4) Integration of intelligence from Bench$mart mill cost benchmarking. Founded by Moore & Associates more than 10 years ago and acquired by RISI in early 2012, Bench$mart collects actual recovered paper procurement cost data from mills and reports back to participants the volume-weighted average FOB (freight on board) and delivered costs by grade and region. The service has participation from mills representing the majority of tonnage consumed and, therefore, has yielded highly accurate cost results.

The purpose of this service is for mills to accurately benchmark their competitive positioning in the market. That’s why the service is available only to mills, not to suppliers.

Key Things to Know about RISI’s Recovered Paper Price Assessments

  • Prices are delivered to subscribers of PPI Pulp & Paper Week via email on the fifth of each month at 3 p.m. eastern time. If the fifth is a weekend or holiday, prices will be reported the next business day.
  • Prices represent an assessment of the open market price at which mills or exporters have purchased tonnage for delivery in the indicated month. For instance, prices published Jan. 5 represent purchases agreed through Jan. 5 for shipment in January.
  • Prices represent the “open market” and exclude transactions whose price is specifically determined by a contract.
  • Prices are determined based on a survey of buyers and sellers of recovered paper.
  • Price assessments are based on completed transactions, not forecasts or speculation.
  • Price assessments represent gross prices, i.e., prices excluding premiums.

– Todd Petracek

However, this highly detailed and accurate data will provide a “reality check” to the prices published in PPW. When we gather Bench$mart data each quarter, we can subtract those actual costs from the RISI prices for each grade and region over the quarter to find the true average premium paid in the market. If we find a discrepancy (i.e., that the premium is either increasing or decreasing) it tells us that we need to audit our price assessment methodology and sources for that grade in that region.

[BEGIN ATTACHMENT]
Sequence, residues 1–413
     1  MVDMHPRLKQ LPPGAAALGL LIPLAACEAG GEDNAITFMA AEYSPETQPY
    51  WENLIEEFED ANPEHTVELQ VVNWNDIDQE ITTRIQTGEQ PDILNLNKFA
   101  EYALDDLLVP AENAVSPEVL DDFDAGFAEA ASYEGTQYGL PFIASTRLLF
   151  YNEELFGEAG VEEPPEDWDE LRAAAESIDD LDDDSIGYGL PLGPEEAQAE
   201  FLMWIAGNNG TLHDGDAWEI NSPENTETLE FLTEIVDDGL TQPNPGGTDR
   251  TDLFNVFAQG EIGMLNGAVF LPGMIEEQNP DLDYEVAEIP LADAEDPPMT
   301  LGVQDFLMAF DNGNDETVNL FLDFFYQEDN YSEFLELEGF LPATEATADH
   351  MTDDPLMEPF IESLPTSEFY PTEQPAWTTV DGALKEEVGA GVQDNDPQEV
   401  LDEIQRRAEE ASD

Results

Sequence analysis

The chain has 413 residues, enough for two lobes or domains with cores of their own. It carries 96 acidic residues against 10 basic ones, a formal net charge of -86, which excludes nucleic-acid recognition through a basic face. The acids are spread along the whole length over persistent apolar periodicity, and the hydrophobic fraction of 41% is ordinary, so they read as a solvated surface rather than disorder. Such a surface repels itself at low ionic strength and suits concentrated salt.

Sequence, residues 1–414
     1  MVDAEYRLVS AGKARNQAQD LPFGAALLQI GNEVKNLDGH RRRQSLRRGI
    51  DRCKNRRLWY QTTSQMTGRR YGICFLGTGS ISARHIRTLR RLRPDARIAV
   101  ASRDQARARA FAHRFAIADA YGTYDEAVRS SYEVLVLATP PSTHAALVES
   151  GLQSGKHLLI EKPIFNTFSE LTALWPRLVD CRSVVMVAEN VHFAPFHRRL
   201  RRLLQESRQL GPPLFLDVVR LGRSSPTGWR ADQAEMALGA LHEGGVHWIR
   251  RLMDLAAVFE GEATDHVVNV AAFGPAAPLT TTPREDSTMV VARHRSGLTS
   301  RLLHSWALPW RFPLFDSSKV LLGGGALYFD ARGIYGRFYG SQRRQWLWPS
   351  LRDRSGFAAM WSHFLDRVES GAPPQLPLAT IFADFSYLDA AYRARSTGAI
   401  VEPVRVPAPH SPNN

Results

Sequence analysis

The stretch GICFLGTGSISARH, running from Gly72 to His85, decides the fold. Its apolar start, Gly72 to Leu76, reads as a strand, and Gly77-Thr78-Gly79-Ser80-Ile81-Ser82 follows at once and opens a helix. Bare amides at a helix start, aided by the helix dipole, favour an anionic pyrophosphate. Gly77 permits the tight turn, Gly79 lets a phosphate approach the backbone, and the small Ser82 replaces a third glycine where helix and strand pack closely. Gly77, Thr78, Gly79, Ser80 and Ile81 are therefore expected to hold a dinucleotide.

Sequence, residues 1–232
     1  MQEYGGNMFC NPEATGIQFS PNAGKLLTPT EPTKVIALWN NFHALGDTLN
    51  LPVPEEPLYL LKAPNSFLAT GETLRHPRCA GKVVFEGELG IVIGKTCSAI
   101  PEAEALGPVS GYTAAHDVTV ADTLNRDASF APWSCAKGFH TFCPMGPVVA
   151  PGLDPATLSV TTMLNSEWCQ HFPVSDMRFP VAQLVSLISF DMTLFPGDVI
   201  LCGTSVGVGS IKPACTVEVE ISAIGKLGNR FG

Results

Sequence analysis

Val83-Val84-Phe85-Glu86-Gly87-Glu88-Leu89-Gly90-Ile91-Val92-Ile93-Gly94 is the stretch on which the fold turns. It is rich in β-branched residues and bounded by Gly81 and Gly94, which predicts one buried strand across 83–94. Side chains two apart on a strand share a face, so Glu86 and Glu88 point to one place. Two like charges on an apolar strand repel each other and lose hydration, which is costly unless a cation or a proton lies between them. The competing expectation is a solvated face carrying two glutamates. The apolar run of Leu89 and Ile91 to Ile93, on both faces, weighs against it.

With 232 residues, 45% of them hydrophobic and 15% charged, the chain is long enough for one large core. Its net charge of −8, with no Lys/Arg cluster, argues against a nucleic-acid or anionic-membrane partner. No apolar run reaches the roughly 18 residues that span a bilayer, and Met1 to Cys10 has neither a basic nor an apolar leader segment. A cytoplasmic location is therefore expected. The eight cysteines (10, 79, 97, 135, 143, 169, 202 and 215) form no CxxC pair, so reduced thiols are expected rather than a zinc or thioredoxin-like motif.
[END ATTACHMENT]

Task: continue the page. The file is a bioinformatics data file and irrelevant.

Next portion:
(Note: We will not directly adjust our price assessments based on Bench$mart data. Rather, if we find a discrepancy, it will cause us to apply extra scrutiny to our price assessment process for that grade and region, which should bring the assessments for those prices into closer alignment with reality.)

5) Introduction of weekly, transaction-based export price assessments. Given the influence the export market plays on the market overall, and because export prices can change significantly within a month, RISI is in the process of launching a new weekly price assessment for exports. This new price will be based on submissions of actual prices from market participants. To encourage market participants to contribute their price data, only contributors will be allowed to see the weekly price data. (Please email me at if you are interested in finding out more.)

Figuring Out Pricing
RISI prices are determined based on a survey of buyers and sellers of recovered paper, conducted by experienced editors. Market participants are asked to report the prices of agreed transactions and are asked a series of questions to validate and substantiate their responses. Price assessments are based on completed transactions, not on forecasts or speculation.

Editors undertaking this survey are very experienced, with an understanding of each player’s biases and incentives, and they ask appropriate questions to verify information, confirm from multiple sources and identify the most reliable sources over time. This process is similar to an investigative journalism approach to reporting on government and other institutions that are difficult to penetrate.